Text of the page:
With the economy faltering during the COVID-19 pandemic and jobs in short supply, different solutions are being proposed to move the country towards a sustainable economic recovery.
To benefit all Australians, many of whom are struggling with job losses, health concerns and faltering businesses, the projects under consideration should fulfil two simple criteria: no reliance on ongoing subsidies and timely implementation.
The federal government's National COVID-19 Coordination Commission is pushing a gas-fired recovery as a solution, with subsidies for gas projects and infrastructure.
As an alternate pathway, the New South Wales government is embarking on development of Renewable Energy Zones.
The state's Renewable Energy Zone, centred on Dubbo in the Central West, has been met with an astounding response.
The government put out a call for just 3GW of wind, solar and storage projects for the Zone. It has received 113 registrations of interest, with projects submitted totalling a massive 27GW, valued at $38bn. The registrations of interest exceeded the capacity of the project ninefold!
This enthusiastic response by renewable energy developers was not aided by the promise of project subsidies. Instead, it was recognition that the New South Wales government is coordinating transmission investment to facilitate investment; a favourable environment for developers and investors.
This $38bn of proposed renewable energy investment suggests Australia is on the cusp of a new energy industry, ready to take off if the right market and regulatory conditions are set.
This sunrise enthusiasm stands in marked contrast to the pallor of the gas industry.
The global economic lockdown has had a marked impact on the gas industry and gas intensive manufacturing, which are both now in a slump that will last for many years.
Far from looking to increase investment in new projects, gas companies are slashing exploration budgets and withdrawing from expansion projects that a year ago would have been sanctioned.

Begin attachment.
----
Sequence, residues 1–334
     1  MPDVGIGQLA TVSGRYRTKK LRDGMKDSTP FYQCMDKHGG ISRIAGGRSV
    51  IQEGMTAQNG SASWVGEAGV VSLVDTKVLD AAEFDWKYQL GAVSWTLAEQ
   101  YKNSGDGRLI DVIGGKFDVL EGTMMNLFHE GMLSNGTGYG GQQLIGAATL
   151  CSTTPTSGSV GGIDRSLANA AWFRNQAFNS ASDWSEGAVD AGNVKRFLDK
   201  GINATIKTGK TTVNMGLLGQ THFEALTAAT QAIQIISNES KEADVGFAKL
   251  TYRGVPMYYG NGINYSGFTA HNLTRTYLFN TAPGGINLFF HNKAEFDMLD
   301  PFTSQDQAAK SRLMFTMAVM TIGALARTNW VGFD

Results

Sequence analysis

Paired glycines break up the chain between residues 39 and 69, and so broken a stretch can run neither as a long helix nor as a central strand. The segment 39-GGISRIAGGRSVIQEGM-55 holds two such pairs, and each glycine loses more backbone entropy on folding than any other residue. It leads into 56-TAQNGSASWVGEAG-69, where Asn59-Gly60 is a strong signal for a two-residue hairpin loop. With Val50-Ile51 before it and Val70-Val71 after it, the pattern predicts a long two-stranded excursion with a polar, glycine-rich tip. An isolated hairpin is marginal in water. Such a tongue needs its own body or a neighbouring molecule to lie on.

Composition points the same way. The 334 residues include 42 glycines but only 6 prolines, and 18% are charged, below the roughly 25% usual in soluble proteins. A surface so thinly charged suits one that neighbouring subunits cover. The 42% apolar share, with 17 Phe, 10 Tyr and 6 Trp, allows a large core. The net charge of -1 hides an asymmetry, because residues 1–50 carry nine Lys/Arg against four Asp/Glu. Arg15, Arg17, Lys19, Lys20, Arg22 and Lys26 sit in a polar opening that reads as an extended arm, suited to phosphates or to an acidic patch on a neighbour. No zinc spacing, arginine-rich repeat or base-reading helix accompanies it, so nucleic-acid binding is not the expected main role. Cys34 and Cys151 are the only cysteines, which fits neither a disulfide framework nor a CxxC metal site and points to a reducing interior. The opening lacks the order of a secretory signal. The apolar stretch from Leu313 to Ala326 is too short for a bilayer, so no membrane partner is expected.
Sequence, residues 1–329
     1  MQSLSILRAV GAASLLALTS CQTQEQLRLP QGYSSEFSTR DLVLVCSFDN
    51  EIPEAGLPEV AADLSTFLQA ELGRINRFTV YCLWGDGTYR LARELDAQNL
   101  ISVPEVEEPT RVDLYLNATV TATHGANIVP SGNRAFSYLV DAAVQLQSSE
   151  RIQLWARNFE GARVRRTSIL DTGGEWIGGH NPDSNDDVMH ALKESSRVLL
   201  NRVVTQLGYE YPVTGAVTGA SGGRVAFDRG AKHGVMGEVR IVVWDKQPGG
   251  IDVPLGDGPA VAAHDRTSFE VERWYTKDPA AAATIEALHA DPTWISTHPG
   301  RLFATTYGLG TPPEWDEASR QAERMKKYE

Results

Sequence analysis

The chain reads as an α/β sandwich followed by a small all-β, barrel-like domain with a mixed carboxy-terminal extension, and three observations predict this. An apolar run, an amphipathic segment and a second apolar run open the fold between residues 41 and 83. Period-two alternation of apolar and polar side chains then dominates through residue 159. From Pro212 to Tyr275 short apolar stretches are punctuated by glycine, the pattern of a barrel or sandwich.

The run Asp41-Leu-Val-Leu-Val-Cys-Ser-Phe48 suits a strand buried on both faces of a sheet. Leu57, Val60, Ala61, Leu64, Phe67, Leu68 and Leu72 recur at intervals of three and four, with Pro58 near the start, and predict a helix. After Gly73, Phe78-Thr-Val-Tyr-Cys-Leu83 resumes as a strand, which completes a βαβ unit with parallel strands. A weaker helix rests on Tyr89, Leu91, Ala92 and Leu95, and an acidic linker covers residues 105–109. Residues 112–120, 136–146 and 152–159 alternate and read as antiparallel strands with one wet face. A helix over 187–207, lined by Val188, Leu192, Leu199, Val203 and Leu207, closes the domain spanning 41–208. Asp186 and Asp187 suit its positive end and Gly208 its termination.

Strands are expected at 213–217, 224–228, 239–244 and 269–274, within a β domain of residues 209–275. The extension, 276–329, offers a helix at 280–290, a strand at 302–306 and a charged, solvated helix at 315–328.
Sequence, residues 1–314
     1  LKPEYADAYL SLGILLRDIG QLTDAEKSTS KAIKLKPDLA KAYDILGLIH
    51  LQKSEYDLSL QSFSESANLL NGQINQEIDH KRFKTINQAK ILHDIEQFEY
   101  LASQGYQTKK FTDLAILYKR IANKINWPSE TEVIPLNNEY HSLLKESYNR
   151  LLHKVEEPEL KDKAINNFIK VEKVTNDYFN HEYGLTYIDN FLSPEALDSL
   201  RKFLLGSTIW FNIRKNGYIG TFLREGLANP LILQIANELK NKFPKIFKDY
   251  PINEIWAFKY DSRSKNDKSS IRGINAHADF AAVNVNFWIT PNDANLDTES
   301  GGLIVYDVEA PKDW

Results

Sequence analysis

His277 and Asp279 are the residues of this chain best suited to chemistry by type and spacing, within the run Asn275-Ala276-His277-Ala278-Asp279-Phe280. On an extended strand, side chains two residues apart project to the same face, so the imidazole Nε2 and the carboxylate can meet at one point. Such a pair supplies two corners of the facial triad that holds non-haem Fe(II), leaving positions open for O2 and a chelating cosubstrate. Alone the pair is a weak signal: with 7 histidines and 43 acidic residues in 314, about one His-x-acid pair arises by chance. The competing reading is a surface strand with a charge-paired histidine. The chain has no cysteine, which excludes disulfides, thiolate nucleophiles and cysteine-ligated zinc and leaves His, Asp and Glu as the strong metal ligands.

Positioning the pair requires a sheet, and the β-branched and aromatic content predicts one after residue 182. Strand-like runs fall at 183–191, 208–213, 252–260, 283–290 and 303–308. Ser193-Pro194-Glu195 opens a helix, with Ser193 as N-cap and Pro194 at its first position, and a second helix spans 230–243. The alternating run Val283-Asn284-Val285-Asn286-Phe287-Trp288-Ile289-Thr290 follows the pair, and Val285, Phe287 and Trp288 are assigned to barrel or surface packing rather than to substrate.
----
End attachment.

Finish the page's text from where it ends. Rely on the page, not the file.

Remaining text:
Woodside has put its massive $50bn North West Shelf development of gas fields and LNG growth projects on hold, and Santos has deferred its final investment decision on its $7bn Browse field (offshore Northern Territory).
The gas industry is not only deferring new projects and slashing exploration and development budgets, it is also actively divesting from Australian gas assets.
At present there are approximately $11bn worth of Australian gas or LNG assets for sale, assuming a buyer can be found.
Major oil and gas companies are following on from ConocoPhillips' decision to exit gas in the Northern Territory. Shell is looking to divest of a 26.25% interest in its failed Gladstone coal seam gas (CSG) to liquefied natural gas (LNG) project in Queensland.
ExxonMobil has its Bass Strait assets on the block, and Chevron wants out of the North West Shelf.
A gas-fired recovery is simply not possible when the industry itself is actively divesting and gas prices are at historic lows. The hope of gas-fired manufacturing being able to pull Australia out of recession is a vain hope. There is a global glut of plastics and ammonia, ensuring no investment will occur for many years.
Renewables, by contrast, represent an area to which capital is attracted. Solar and wind are out-competing coal and gas in terms of price, build times and ongoing maintenance costs. Solar and wind farms have short lead times to project implementation. Gas is a much longer lead time investment.
Firming of solar and wind to garner 24/7 power can be economically obtained from pumped hydro and batteries. The development of Snowy Hydro means that firming of renewables is not an issue.
We are seeing a path out of recession that is achievable in the short term. The markets are telling us that renewables are the best solution for a faster recovery.
All that is standing in Australia's way to a healthy economic recovery is the federal government's proposed subsidies to a failing gas industry.
Bruce Robertson is a gas analyst with the Institute of Energy, Economics and Financial Analysis
Do you have something to say? We welcome your letters which may run in print and online.